Envox Is in Good Voice

 
 
By Michael Caton  |  Posted 2006-01-30
 
 
 

Envox Is in Good Voice


For companies looking for a voice application development and deployment solution, Envox Worldwides Envox 6 Communications Development Platform provides broad standards support and easy-to-manage tools.



Click here to read the full review of Envox 6 Communications Development Platform.

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For companies looking for a voice application development and deployment solution, Envox Worldwides Envox 6 Communications Development Platform provides broad standards support and easy-to-manage tools.

The Envox 6 Communications Development Platform includes Envox Communications Server for hosting applications and Envox Studio for developing them. Also available is Envox VoiceXML Studio, which is used for developing voice applications in VoiceXML.

eWEEK Labs tested Version 6.2 of the Envox platform, as well as Envox VoiceXML Studio 6.1, using both Envox Studio and Envox VoiceXML Studio to write applications deployed on Envox Communications Server.

Click here to read about new speech specs from the W3C.

Version 6.2 of Envox Communications Development Platform began shipping in November and is affordably priced, based on the components and number of ports used. Envox Studio costs $5,000 per seat, and Envox Communications Server is priced at $350 per port. Envox VoiceXML Studio costs $500 per seat when purchased with Envox Studio or $5,000 when purchased separately.

eWEEK Labs tests show that Envox has done a good job of supporting voice and telephony standards, as well as third-party systems. Using the platform, companies will be able to integrate new IVR (Interactive Voice Response) applications with existing telephony applications or to replace older applications altogether.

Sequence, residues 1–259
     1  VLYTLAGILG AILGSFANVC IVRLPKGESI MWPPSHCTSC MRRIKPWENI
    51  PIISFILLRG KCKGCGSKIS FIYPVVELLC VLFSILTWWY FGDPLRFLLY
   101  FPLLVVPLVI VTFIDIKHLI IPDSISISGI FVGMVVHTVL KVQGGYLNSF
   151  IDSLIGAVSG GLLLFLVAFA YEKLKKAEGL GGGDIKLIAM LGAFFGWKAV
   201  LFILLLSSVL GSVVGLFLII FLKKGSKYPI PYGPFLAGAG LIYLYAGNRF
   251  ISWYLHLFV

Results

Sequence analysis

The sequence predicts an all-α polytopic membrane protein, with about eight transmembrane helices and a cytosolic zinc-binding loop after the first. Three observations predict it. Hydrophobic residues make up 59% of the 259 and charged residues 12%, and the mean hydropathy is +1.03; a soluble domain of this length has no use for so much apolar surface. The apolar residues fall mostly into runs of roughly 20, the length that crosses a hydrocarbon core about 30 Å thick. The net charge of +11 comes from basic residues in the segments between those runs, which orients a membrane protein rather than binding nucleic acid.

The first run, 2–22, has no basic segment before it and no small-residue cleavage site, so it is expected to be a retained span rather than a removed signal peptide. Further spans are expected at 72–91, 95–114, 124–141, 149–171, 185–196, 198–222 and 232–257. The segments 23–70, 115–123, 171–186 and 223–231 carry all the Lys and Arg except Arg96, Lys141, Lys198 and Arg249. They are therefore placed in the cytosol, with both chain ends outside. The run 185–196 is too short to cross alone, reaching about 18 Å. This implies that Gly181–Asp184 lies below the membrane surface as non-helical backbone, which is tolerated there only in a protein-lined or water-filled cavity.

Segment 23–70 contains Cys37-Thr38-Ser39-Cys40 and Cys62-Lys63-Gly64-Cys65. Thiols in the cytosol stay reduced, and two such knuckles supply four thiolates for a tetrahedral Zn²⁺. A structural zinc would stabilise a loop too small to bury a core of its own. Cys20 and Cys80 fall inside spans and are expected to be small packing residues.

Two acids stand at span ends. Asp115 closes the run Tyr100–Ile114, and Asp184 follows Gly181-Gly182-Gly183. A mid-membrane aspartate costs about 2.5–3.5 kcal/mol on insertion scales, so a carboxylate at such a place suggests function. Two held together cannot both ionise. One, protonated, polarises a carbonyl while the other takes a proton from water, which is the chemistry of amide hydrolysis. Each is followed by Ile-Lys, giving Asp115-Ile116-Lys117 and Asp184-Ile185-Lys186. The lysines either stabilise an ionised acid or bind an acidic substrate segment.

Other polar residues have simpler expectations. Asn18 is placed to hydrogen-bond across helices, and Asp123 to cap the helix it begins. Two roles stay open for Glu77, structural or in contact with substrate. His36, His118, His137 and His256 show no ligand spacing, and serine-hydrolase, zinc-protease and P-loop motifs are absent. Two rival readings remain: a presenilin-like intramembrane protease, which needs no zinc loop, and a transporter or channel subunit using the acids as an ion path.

Both Envox Studio and Envox VoiceXML Studio are graphical development environments that allow users to create and manage projects and scripts. Envox Studio is a broader development tool for managing the integration of back-end applications with telephony technologies, including e-mail, fax and PBX. Envox VoiceXML Studio, on the other hand, makes it easier for developers to graphically map and write VoiceXML scripts. Developers also can integrate DLLs and applications written in C/C++ or Visual Basic into new applications though Envox Studio.

We found that both Envox Studio and Envox VoiceXML Studio do a good job of abstracting many of the elements of application design, making it possible for developers with limited experience in creating telephone and voice applications to easily pick up the tools with some basic training. Both tools allow developers to map out call logic via a flowchart using predefined blocks of call logic. Both environments also include a script debugging feature for validating application logic.

Next Page: Envox Studio

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Envox Studio provides a richer development environment than Envox VoiceXML Studio, both in terms of the systems developers can access and the graphical tools available.

For example, with Envox Studio, we could drag elements for managing telephony actions, calling scripts and variables, and for connecting to databases. We defined the necessary values for each block element, such as database connection settings, through each elements properties via the right mouse button. Blocks display each elements possible results in table form, so developers easily can map potential results to the next step merely by connecting to the next block.

We liked the flexibility Envox Studio affords developers for building out scripts. We found it easy to nest scripts within a main script in a way that made it easy to avoid cluttering the main window with complex call logic. Developers can easily add block elements, either through a tool-bar menu or PickList. We appreciated the inclusion of block search and bookmarking capabilities because call flowcharts can become so complex that individual elements can be difficult to find.